Tax-paying for Fun and Profit
June 10, 2013 10:07 AM   Subscribe

Today, despite our interconnected and indeed “flattened” world, taxes are still being collected on a model not substantially different from the time of the Egyptian Pharaohs.

"Modern advances give us the ability to re-engineer the taxation system to benefit from computerized automation and the insights of modern psychology. People like to do things that bring a tangible reward. Tax-paying should be made FUN, not a chore. You will want to participate if you perceive a direct benefit. This new model selectively adapts the old English system of raising money by granting royal monopolies. A tax-paying entity would be allowed to make a bid on the percentage of tax it would pay for acquiring monopoly rights on a particular venture, posted publicly on a government-auction website for others to see and to post their alternative bids. Proposals put out for bid could immediately be tested for market viability by getting a thumbs-up/thumbs-down from the general public. The rewards to the proposer and to the public can be immediately perceived by all. Hence, the conditions for a positive stimulus-response-reward loop are fulfilled. Tax-paying becomes both fun and profitable, even more gratifying than betting in Las Vegas, because the bidder gets a perceptible benefit from it right away. The advantage to the state and its citizens is that monopoly efficiency does not just serve the monopolist but also the public. The would-be monopolist must make a precise calculation of how much to offer the state in taxes; upon pain of losing the auction to a competitor. With minimal government intervention, the “invisible hand” of economic theory is put to the task of serving the public good".
posted by three blind mice (44 comments total) 5 users marked this as a favorite
 
You will want to participate if you perceive a direct benefit.

Libraries, roads, schools, police, firefighters, regulation on corporations, military....

That sort of thing? So lame compared to sexy, sexy monopolies. The only way to motivate people is to take away actual benefits and replace them with the prospect of (maybe) getting cold, hard cash which they can use to purchase a subpar version of the benefits they lost.
posted by DU at 10:10 AM on June 10, 2013 [18 favorites]


This all sounds great until some apex-predator corporation comes along and decides that their favored strategy is to become a monopoly of monopolies.
posted by Strange Interlude at 10:13 AM on June 10, 2013 [2 favorites]


Yeah, let's take this thing that has worked relatively well for the last 5000 years and chuck it out the window, because my gold-plated gold needs gold plating reasons.
posted by Celsius1414 at 10:13 AM on June 10, 2013 [11 favorites]


Anytime somebody comes along and tries to make paying taxes easier the tax software companies lobby congress to make sure it doesn't happen.
posted by livejamie at 10:16 AM on June 10, 2013 [1 favorite]


three blind mice: "This new model selectively adapts the old English system of raising money by granting royal monopolies. A tax-paying entity would be allowed to make a bid on the percentage of tax it would pay for acquiring monopoly rights on a particular venture, posted publicly on a government-auction website for others to see and to post their alternative bids. "

The toll rate on E-470, roughly 33 cents per mile, is one of the highest rates of any toll road in the United States. The toll price in 2010 was $3.00 per toll gate and is now $3.25.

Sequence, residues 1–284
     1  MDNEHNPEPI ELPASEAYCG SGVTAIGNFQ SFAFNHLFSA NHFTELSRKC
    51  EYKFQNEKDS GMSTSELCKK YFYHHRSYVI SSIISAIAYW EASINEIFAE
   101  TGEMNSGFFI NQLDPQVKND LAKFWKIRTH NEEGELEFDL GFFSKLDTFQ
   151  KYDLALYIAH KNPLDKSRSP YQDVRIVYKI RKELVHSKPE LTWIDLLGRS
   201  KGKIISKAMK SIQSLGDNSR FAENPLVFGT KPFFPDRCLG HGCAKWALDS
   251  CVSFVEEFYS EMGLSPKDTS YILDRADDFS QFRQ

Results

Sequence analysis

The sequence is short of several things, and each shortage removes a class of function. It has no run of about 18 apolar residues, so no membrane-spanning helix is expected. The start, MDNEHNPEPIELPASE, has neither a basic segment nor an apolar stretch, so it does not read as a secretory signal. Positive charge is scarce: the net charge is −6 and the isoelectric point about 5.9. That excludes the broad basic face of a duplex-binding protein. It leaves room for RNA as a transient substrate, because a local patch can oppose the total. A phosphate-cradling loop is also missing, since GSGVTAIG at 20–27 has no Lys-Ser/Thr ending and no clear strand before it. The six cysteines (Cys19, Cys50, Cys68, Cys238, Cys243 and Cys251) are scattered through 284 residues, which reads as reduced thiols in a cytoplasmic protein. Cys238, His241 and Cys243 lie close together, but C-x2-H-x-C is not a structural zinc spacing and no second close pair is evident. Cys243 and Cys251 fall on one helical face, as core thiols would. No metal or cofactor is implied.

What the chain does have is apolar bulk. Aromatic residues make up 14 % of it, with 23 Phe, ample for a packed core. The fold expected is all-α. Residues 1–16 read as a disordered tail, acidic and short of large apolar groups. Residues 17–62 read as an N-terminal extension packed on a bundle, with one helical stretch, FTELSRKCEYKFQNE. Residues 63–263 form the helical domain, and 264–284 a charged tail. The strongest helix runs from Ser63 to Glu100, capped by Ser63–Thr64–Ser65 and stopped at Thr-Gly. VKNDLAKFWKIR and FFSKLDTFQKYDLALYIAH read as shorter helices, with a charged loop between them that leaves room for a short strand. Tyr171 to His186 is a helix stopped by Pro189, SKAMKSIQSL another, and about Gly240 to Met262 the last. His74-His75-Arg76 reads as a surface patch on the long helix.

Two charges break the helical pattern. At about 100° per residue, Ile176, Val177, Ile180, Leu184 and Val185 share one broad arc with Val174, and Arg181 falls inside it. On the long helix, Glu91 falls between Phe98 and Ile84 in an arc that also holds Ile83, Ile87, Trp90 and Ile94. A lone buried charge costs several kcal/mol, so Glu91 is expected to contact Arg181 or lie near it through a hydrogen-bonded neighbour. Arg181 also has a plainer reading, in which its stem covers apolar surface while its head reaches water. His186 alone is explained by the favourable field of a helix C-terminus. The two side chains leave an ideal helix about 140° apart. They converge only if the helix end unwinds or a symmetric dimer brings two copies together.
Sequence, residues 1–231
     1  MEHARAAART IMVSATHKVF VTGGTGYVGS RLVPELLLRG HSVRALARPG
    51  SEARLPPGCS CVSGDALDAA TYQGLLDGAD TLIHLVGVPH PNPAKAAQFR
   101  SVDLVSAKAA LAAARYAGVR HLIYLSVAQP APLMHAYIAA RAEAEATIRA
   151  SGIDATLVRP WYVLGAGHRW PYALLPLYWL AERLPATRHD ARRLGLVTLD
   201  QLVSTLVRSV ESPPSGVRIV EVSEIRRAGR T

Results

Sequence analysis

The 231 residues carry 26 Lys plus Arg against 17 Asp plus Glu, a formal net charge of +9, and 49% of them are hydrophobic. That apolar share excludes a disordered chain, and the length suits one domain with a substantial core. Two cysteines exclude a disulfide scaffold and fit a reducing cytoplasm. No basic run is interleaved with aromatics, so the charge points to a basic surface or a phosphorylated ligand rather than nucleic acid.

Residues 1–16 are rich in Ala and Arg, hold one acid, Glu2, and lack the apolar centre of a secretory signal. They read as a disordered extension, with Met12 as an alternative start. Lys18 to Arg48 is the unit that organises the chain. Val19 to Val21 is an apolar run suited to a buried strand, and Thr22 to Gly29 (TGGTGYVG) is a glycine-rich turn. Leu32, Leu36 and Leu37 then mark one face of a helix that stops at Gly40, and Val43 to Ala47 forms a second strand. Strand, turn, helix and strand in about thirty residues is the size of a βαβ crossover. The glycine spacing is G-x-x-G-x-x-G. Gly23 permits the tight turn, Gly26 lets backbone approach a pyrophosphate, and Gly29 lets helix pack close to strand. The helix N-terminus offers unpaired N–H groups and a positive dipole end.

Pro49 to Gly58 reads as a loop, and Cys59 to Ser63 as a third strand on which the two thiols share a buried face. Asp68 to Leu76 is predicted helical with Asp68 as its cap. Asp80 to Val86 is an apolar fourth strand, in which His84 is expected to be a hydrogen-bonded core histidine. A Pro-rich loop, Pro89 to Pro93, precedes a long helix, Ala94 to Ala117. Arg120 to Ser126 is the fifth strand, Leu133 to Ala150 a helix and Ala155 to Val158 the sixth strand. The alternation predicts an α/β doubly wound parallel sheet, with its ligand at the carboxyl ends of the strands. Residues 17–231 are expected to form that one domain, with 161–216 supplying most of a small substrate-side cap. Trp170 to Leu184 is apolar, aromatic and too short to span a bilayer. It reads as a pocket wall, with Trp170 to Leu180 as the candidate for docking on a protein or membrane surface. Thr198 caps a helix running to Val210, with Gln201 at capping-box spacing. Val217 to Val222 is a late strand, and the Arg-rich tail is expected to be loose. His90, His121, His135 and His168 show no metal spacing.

posted by boo_radley at 10:18 AM on June 10, 2013 [3 favorites]


Tax-paying should be made FUN, not a chore. You will want to participate if you perceive a direct benefit

"Fun, not a chore" and "giving my money to a for-profit monopoly" are not exactly a "chocolate and peanut butter" kind of pairing, y'know?
posted by Tomorrowful at 10:19 AM on June 10, 2013 [9 favorites]


A tax-paying entity would be allowed to make a bid on the percentage of tax it would pay for acquiring monopoly rights on a particular venture, posted publicly on a government-auction website for others to see and to post their alternative bids. Proposals put out for bid could immediately be tested for market viability by getting a thumbs-up/thumbs-down from the general public.

This system would be gamed before you could say "4chan online poll fraud."
posted by zombieflanders at 10:21 AM on June 10, 2013 [4 favorites]


Hey, this sounds as pragmatic and sensible as railway privatization here in the UK!
posted by alasdair at 10:27 AM on June 10, 2013 [2 favorites]


I believe the technical term is tax farming, which suffice to say has a pretty bad reputation.

Anyway, if we're going to modernize the tax system, why don't we do something cool, like replace tax brackets with an integral function? Thanks to computers, you wouldn't even have to know calculus to figure out what you owe.
posted by Cash4Lead at 10:27 AM on June 10, 2013 [9 favorites]


Great idea! I'll start oiling up the guillotine.
posted by benito.strauss at 10:31 AM on June 10, 2013


Anyway, if we're going to modernize the tax system, why don't we do something cool, like replace tax brackets with an integral function?

Faved for the math content, but the political content is pretty terrible. How much are you going to bring in on the "triangles" on top of the bars vs adding the missing tax brackets we no longer have (people making more than $200k)?
posted by DU at 10:32 AM on June 10, 2013


Tax-paying should be made FUN, not a chore.

I'm having a hard time accepting the premise that the people and organizations that have enough money to participate in the buying of monopolies aren't paying taxes because just because it's boring.
posted by Gygesringtone at 10:36 AM on June 10, 2013 [5 favorites]


With minimal government intervention, the “invisible hand” of economic theory is put to the task of serving the public goodprivatizing everything that's left to privatize.
posted by Thorzdad at 10:38 AM on June 10, 2013 [2 favorites]


Today, despite our interconnected and indeed “flattened” world, taxes are still being collected on a model not substantially different from the time of the Egyptian Pharaohs.

It's definitely a bummer every year after the riparian floods when I get shanghaied into corvée labor to construct temples and till fields of einkorn wheat.
posted by XMLicious at 10:41 AM on June 10, 2013 [25 favorites]


Try explaining an integral to the general public. Tons of people don't even understand how the brackets work. Now, invisible brackets? Might as well be witchcraft.

All they need to do is intersperse a few more brackets in there, reconfigure some deductions and the AMT and reconfigure the cap gains tax. Problems solved.